The 21 hours of Munich

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German title The 21 hours of Munich
Original title 21 Hours at Munich
Country of production United States
original language English
Publishing year 1976
length 104 minutes
Age rating FSK 16
Director William A. Graham
script Edward Hume ,
Howard Fast
production Robert Greenwald ,
Frank von Zerneck
music Laurence Rosenthal
camera Jost Vacano
cut Ronald J. Fagan

The 21 Hours of Munich (original title: 21 Hours at Munich ) is an American television film from 1976, which deals with the Munich assassination attempt at the 1972 Summer Olympics . Directed by William A. Graham . The basis is the book The Blood of Israel by Serge Groussard . The transmitter ABC beamed the film out on 7 November 1976th Despite its television background, the film was shown several times in cinemas in various countries.


On September 5, 1972, the hostage-takers entered the Olympic village and overwhelmed some members of the Israeli Olympic team. Right at the beginning of the action, the trainer Weinberg and the weightlifter Romano are wounded and die in the course of the hostage situation because they do not receive any medical help. The Munich police, the organizing committee and the rescue service are alerted and a war of nerves begins with the hostage-takers.

They demand the release and safe conduct of 232 Palestinians who are held in Israeli prisons. In addition, the RAF terrorists Andreas Baader and Ulrike Meinhof and the Japanese terrorist Kōzō Okamoto are also to be released from custody. Israel refuses to comply with these demands. The crisis team, consisting of Federal Interior Minister Hans-Dietrich Genscher , Bavarian Interior Minister Bruno Merk , Police President Manfred Schreiber , NOK President Willi Daume , IOC President Avery Brundage and State Secretary Erich Kiesl , consults and negotiates with the hostage takers. Schreiber and Genscher visit the hostages and are horrified. The hostage taker's negotiator is a man named Issa. He expressed his determination to the staff and asked for an escape vehicle and an airplane to take them out of the country. In the meantime, Zvi Zamir has arrived as a representative of the Israeli government and listens to the decision regarding a hostage rescue. He does not agree with the German plans.

The staff decides to get the hostage takers to fly from Fürstenfeldbruck airfield . They can be shot better there, as the snipers have a better view. However, Zamir suggests attacking the hostage-takers earlier because the distances between the shooters and their targets on the airfield are too great. The hostage-takers can be brought to the airfield in two helicopters. There are only five German snipers there, as only five hostage-takers were assumed. In fact, there are eight hostage-takers. The plane is ready in Fürstenfeldbruck, where the police are hiding, but they leave the plane without authorization before the hostage-takers arrive. When they arrive, two go to the plane and notice that there is no crew on board. When they get off the plane, the police open fire and a shooting begins. The hostage-takers kill their hostages with hand grenades and rifle volleys.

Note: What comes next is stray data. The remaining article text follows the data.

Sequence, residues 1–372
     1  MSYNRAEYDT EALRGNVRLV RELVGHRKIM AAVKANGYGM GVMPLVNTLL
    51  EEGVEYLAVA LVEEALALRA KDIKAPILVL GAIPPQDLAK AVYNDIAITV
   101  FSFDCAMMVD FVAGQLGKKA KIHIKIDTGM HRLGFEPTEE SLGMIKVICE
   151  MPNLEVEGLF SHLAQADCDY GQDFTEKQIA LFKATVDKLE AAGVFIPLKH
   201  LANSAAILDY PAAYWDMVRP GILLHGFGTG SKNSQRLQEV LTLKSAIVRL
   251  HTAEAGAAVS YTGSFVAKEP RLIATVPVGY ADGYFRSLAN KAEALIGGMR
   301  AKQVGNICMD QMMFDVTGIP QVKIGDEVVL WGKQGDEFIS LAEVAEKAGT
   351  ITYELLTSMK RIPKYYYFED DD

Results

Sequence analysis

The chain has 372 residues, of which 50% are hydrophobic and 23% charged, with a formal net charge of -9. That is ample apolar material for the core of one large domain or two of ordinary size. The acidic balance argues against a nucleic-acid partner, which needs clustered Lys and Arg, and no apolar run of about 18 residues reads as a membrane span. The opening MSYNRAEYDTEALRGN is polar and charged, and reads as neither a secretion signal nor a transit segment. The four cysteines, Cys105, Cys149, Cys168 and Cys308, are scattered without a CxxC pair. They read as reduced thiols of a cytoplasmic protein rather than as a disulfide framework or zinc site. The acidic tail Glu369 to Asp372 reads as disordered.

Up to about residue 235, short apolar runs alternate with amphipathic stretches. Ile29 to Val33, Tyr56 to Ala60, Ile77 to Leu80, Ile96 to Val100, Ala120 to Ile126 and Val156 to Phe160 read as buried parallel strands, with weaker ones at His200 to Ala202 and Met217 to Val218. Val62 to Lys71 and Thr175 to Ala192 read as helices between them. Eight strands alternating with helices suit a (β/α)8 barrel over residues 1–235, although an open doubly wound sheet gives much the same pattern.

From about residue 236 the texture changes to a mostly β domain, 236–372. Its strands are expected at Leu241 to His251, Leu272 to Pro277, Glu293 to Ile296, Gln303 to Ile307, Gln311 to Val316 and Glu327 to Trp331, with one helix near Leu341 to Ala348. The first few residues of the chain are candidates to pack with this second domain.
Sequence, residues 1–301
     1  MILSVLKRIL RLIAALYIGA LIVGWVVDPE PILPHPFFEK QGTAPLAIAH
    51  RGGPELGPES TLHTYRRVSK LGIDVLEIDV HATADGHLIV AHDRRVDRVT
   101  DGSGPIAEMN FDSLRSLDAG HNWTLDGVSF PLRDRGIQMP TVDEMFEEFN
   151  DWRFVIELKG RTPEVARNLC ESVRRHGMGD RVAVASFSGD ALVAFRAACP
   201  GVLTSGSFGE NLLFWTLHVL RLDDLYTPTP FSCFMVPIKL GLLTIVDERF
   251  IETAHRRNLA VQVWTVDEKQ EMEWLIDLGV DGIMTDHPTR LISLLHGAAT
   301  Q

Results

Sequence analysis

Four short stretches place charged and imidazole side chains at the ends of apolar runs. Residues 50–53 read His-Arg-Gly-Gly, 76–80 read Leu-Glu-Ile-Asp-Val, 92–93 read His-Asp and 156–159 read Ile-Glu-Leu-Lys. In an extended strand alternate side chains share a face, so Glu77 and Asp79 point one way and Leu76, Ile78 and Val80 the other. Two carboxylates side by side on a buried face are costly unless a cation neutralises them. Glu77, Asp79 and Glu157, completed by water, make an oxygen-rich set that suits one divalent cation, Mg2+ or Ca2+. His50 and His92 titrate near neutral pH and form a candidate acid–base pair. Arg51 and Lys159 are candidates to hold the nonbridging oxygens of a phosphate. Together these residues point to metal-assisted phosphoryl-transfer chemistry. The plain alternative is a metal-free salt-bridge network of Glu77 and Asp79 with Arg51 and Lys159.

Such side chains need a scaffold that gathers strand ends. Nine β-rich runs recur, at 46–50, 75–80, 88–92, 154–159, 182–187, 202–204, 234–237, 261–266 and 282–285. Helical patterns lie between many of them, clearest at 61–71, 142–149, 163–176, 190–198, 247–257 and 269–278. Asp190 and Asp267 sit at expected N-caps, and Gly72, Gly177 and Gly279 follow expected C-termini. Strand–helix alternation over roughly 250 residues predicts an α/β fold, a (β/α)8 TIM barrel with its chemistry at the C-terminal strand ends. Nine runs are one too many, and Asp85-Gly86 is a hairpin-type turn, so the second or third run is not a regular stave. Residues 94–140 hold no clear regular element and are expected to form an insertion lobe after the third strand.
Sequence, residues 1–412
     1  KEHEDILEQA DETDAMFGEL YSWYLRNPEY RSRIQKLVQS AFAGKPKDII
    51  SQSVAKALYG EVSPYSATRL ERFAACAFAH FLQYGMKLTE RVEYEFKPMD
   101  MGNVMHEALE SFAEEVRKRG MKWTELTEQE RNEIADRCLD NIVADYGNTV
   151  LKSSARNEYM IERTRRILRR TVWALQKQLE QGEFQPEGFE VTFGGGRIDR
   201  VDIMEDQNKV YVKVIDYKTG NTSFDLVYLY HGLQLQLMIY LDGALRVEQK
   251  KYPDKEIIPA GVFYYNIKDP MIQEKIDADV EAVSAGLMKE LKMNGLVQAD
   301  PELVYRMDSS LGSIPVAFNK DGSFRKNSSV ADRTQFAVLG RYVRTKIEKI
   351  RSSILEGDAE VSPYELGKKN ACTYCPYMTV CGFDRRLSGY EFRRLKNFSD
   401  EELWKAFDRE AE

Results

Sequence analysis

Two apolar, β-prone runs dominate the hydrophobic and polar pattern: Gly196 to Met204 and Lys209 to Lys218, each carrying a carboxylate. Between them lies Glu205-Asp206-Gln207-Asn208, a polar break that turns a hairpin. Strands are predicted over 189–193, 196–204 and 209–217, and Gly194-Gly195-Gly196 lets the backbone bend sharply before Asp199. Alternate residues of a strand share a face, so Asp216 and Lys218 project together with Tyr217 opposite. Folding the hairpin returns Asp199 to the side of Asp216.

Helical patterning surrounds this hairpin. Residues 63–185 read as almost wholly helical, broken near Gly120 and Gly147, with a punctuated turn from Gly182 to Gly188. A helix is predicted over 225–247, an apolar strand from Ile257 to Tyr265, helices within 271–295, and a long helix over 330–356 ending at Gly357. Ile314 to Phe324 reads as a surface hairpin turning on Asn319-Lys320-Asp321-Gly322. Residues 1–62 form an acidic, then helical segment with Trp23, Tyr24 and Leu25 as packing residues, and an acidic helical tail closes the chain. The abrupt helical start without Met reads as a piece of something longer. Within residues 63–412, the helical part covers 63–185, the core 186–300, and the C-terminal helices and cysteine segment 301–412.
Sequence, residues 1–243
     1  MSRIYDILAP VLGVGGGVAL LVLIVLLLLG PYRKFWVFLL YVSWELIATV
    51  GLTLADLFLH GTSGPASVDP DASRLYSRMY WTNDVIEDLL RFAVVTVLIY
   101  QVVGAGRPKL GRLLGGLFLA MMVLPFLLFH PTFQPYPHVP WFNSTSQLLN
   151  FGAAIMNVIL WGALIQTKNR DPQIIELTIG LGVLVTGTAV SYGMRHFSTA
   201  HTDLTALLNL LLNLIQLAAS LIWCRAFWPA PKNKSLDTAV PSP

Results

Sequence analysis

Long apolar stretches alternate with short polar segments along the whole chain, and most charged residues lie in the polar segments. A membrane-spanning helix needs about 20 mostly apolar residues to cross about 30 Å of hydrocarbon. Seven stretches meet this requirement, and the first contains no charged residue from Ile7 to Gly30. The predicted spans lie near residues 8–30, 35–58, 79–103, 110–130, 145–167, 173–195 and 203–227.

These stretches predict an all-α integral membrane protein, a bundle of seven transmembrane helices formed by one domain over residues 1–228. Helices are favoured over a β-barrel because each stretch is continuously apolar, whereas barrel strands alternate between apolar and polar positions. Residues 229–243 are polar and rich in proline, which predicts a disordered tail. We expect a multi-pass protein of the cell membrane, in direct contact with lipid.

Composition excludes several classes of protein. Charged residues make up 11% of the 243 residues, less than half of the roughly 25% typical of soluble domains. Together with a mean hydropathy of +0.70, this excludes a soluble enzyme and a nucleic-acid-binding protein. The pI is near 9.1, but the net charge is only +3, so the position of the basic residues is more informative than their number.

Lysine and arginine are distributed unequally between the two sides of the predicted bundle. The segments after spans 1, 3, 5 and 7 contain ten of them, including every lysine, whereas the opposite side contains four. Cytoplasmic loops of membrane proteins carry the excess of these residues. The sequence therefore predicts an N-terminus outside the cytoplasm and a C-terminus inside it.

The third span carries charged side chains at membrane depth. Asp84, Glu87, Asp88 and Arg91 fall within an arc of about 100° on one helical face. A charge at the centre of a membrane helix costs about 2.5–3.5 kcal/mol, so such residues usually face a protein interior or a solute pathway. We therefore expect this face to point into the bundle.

At the end of the film, Federal President Gustav Heinemann gives a funeral speech in the Olympic Stadium, and the last fade-in is the Olympic flame.


The lexicon of international films wrote: “Although not filmed in a very sensational way, but neither is it a semi-documentary; too much seems staged, the fate of the hostages hardly affects them. A more in-depth discussion of terrorism was not sought. "

Der Spiegel found: “Like the equally unsuccessful film company Entebbe , this one, slavishly committed to 'action', pokes around at the surface.” Critics described the film as a “work of art”. It was also criticized that the role of the police and the Bavarian Minister of the Interior was embellished in the film: “As a counter-deal, so to speak, the role of the Bavarian Minister of the Interior, Bruno Merk, was vigorously revamped in five changes to the original script. So now, portrayed as signed and embellished by Noel Willman, Franco Nero, who plays the terrorist leader Issa, can look resolutely in the blue eyes and take verbal threats. ”In its film review, Der Spiegel also lists a number of deviations from reality.


In the film there is a plane from the fictional airline "Deutschflug" on the apron of the air base. In reality, this plane belonged to Lufthansa. The aircraft shown in the film also belongs to Lufthansa, but the company logo on the vertical tail has been painted over with a red dot. One of the two helicopters at Fürstenfeldbruck airport bears the aircraft registration number "D-HATE" in the film, which is perceived in Anglo-Saxon very differently than in Germany, namely as "D-hatred or hate".

Web links

Individual evidence

  1. Jerry Roberts: Encyclopedia of Television Film Directors . Scarecrow Press, 2009 ,, ISBN 0-8108-6138-0 .
  2. ^ Rick Talley: '21 Hours' relives Munich agony . In: Chicago Tribune , October 28, 1976. Retrieved July 30, 2012. 
  3. Bill Carter: Munich docu-drama powerful, but why put it on opposite 'GWTW'? . In: The Sun , November 5, 1976. Retrieved July 30, 2012. 
  4. ^ The 21 hours of Munich. In: Lexicon of International Films . Film service , accessed March 2, 2017 .Template: LdiF / Maintenance / Access used 
  5. Wolfgang Limmer: Django at the Olympics . In: Der Spiegel . No. 10 , 1977 ( online ).